Chelsea Green Publishing

Chelsea Green Blog

Maine town says no to GMOs

Hats off to the folks of little Montville, Maine, a town of about 1,000 people where there is no post office, no store, and no school. But those facts don’t mean they are lacking in spirit or smarts.

Two weeks ago at their annual town meeting, residents passed an ordinance banning genetically-engineered crops.

According to an article in the Portland Press Herald, supporters say Montville is the first American community outside California to do this.

The article adds:

The Maine Legislature also weighed in on the issue last week. After more than a year of debate — lawmakers approved a compromise that, among other things, offers some legal protection to organic growers who unintentionally are exposed to genetically engineered seeds.
But it’s hard to find middle ground in the Montville ban, and that’s causing controversy. A Maine group that represents large biotechnology companies says the ban could chill research and development efforts and hurt the state’s economy. Meanwhile, the Maine Department of Agriculture is asking the attorney general for an opinion on whether Montville’s ordinance is legal, or violates the state’s right-to-farm rules.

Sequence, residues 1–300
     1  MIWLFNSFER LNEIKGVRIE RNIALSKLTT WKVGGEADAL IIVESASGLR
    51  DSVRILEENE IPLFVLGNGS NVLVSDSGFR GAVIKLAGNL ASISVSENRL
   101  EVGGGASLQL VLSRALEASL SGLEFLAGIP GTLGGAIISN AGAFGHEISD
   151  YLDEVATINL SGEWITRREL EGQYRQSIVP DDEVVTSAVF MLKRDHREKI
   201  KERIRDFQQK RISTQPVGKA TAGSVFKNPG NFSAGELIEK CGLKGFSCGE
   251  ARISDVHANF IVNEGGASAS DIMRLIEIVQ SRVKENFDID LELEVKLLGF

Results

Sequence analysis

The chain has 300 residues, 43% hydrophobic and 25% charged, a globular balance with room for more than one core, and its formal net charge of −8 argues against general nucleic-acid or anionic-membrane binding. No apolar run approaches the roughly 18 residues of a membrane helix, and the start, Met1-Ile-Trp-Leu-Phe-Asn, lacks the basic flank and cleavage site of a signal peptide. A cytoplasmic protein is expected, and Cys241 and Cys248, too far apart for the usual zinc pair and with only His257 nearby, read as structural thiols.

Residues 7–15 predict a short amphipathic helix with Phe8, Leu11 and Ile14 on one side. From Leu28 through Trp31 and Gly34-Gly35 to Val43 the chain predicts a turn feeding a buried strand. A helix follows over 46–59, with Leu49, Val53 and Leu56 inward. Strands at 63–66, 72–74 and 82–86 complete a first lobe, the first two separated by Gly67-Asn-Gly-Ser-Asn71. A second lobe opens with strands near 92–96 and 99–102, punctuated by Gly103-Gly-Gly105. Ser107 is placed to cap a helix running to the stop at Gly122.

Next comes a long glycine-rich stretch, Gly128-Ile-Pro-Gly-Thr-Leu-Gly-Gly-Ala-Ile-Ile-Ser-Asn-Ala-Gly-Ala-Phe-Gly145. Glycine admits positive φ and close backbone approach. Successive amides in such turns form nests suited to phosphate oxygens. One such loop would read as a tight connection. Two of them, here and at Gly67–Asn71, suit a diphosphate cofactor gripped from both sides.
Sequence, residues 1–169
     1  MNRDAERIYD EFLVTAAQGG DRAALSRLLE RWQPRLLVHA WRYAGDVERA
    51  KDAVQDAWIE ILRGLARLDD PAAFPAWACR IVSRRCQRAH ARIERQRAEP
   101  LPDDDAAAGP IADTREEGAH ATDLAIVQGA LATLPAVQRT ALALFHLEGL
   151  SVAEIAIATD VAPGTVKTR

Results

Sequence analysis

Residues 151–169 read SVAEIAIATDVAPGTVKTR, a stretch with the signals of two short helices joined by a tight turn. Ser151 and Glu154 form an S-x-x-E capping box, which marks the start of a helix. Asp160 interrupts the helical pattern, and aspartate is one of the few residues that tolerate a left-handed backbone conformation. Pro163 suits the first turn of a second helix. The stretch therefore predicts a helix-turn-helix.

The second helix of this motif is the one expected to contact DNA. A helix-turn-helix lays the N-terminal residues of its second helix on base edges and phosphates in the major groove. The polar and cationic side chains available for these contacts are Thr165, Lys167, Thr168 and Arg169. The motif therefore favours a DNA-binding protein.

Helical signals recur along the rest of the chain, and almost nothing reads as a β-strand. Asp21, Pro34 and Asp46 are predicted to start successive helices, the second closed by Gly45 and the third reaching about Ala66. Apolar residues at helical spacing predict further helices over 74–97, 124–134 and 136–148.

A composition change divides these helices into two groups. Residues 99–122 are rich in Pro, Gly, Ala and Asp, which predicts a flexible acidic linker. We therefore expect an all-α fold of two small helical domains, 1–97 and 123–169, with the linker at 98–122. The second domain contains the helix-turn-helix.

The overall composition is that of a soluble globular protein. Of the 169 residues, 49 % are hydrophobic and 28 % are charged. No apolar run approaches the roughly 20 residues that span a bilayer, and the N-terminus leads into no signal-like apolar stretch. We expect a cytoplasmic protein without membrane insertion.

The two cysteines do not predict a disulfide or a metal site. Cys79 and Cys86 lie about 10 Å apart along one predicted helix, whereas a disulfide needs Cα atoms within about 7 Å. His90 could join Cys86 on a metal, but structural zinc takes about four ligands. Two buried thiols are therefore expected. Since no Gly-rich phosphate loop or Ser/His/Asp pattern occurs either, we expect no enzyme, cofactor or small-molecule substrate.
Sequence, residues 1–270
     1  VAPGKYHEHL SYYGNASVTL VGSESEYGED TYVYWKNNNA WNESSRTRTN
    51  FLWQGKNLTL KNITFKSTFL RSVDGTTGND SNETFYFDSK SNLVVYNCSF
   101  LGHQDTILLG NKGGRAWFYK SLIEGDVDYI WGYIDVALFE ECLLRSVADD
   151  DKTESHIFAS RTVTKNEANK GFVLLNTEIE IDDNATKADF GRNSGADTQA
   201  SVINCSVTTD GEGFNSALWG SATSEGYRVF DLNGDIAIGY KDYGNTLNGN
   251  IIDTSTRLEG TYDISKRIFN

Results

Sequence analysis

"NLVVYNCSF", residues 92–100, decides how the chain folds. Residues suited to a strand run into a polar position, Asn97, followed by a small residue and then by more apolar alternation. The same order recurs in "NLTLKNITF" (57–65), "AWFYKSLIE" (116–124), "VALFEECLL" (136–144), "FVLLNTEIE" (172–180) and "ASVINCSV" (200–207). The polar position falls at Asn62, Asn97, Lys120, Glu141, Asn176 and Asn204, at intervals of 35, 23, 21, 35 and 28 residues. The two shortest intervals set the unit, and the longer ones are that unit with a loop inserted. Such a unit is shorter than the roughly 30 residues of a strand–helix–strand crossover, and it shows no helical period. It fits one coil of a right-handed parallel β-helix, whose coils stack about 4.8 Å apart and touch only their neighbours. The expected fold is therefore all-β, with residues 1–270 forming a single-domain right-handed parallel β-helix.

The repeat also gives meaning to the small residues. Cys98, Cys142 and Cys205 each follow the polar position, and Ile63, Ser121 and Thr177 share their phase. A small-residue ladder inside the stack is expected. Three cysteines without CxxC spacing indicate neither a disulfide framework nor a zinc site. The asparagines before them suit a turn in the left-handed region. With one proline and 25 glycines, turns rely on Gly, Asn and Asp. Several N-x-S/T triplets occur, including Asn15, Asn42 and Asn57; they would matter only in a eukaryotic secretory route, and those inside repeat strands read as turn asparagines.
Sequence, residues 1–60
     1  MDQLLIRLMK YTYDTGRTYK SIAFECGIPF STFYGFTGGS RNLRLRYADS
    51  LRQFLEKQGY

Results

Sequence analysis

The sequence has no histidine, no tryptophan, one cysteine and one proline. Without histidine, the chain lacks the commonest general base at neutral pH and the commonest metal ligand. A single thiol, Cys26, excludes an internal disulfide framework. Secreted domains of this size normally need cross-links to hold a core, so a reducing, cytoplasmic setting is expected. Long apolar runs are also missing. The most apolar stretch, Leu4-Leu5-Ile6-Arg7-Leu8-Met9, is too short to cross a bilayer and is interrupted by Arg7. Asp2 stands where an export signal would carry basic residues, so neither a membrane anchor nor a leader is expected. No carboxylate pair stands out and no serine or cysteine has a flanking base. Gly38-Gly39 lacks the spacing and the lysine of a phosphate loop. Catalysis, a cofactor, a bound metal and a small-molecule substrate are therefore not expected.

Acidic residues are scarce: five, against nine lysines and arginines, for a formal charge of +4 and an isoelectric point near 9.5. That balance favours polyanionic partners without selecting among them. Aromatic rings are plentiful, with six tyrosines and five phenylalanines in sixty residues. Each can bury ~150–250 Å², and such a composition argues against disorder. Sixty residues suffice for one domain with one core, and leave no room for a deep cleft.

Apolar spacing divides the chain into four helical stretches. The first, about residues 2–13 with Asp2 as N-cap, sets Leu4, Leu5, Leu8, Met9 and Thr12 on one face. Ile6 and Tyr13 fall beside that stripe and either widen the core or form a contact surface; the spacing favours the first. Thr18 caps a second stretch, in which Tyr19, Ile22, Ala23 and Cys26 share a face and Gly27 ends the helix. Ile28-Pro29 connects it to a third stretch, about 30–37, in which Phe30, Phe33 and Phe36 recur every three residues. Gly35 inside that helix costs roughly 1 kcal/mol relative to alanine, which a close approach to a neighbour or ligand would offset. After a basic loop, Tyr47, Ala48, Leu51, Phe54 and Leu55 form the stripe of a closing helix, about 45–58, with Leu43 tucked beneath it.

Let’s hope this is a seed that is replanted across the country.


Ask the Expert: Andrew Mefferd

Before writing The Greenhouse and Hoophouse Grower’s Handbook: Organic Vegetable Production Using Protected Culture, Andrew Mefferd spent seven years in the research department at Johnny’s Selected Seeds, traveling around the world to consult with researchers and farmers on the best practices in greenhouse growing. Andrew has graciously agreed to offer up his expertise to our […] Read More

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How to Make Biochar

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Generosity as Activism, and Other Homesteading Principles to Live By

“Like everyone I know, we occasionally find ourselves faced with a decision to which there is no obvious answer,” says Ben Hewitt, coauthor of The Nourishing Homestead. “Do we borrow money to build a bigger barn, or do we keep getting by with what we have? Do we spend our meager savings on trees and […] Read More
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